The Obama administration says it will hold Israel and the Palestinians accountable if they do anything to seriously undermine trust in a new series of indirect peace talks.
In a statement Sunday, U.S. State Department spokesman PJ Crowley said the two sides have completed the first round of those talks, ending a 17-month break in negotiations.
U.S. Mideast envoy George Mitchell mediated the talks by shuttling between Israeli officials in Jerusalem and Palestinian officials in the West Bank city of Ramallah.
Crowley described the talks as serious and wide-ranging. He said both Israel and the Palestinians have made commitments to create a positive atmosphere for the talks, but did not elaborate.
Israeli Prime Minister Netanyahu called for the indirect talks to transition quickly to direct negotiations. He told his Cabinet Sunday that peace cannot be made from a distance or by remote control, as he put it.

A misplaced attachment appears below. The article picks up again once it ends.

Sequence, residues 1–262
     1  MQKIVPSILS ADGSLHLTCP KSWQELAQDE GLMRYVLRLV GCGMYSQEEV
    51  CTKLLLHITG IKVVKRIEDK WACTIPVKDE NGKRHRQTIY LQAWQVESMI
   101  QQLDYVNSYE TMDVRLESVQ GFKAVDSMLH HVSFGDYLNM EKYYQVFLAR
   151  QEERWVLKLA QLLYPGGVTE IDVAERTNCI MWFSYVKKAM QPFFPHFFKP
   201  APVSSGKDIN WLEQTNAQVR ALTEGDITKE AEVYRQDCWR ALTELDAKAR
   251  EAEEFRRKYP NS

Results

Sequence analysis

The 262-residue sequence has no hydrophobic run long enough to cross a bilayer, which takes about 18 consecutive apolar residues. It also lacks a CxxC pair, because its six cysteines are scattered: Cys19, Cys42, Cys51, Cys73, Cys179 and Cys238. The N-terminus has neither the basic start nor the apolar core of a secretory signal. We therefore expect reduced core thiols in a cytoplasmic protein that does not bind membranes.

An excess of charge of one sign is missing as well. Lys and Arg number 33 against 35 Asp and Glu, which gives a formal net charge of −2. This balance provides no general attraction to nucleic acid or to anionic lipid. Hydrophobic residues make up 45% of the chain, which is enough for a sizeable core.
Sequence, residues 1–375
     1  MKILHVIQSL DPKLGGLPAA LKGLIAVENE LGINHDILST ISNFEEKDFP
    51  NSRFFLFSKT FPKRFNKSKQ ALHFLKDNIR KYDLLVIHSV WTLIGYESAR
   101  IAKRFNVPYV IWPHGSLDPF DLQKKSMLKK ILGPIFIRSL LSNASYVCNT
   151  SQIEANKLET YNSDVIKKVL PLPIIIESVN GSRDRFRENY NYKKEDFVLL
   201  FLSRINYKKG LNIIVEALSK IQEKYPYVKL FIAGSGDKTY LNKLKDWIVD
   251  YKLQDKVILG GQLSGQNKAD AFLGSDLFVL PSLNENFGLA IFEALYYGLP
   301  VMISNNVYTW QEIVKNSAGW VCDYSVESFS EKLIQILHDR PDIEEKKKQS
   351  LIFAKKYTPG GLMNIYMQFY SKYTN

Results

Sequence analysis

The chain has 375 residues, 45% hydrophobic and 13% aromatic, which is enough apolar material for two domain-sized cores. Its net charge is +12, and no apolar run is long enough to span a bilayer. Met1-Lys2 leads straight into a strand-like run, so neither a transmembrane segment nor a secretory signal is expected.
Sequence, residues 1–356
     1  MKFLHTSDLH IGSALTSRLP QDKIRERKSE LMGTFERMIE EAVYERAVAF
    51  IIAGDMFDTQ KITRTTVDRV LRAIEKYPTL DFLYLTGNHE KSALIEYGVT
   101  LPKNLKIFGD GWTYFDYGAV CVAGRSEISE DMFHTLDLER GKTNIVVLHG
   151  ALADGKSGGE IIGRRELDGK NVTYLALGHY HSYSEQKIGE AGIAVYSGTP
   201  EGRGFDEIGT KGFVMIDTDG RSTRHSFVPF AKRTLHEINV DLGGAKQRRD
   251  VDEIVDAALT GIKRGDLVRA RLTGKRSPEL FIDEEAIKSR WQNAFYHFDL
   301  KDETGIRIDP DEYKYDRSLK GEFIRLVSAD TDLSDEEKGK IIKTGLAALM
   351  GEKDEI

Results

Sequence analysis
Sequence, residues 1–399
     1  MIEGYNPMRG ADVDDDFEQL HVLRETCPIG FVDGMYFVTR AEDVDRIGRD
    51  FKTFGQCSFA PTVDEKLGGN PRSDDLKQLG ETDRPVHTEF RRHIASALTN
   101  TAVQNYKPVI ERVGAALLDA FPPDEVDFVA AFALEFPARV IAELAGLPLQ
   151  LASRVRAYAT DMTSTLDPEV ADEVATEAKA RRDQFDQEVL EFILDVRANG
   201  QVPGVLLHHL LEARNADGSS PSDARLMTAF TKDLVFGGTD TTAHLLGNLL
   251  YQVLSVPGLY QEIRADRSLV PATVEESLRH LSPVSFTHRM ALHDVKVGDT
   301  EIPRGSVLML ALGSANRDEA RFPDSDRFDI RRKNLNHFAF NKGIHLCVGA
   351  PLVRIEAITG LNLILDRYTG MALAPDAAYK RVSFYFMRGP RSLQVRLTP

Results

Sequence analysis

Palestinian President Mahmoud Abbas has insisted he will not enter direct talks until Israel stops all building of homes for Jewish settlers in East Jerusalem and the West Bank, lands Israel occupied after the 1967 Mideast war.
Israel has frozen new housing starts in the West Bank since last November for a 10-month period, but has refused to stop building homes for Jews in East Jerusalem, which it claims as part of its "eternal" capital. Palestinians want it as their capital for a future state.
Palestinians have said they want indirect talks to focus on core issues of the Israeli-Palestinian conflict, including borders of a future Palestinian state and the status of Jerusalem.
Members of the Palestinian militant group Hamas that runs the Gaza Strip denounced Mr. Abbas' government, saying indirect talks with Israel will provide cover for Israeli settlement activity.
Mr. Abbas' government broke off direct negotiations with Israel in December 2008 when Israeli forces launched an offensive in the Gaza Strip to stop rocket fire by Hamas on Israeli towns.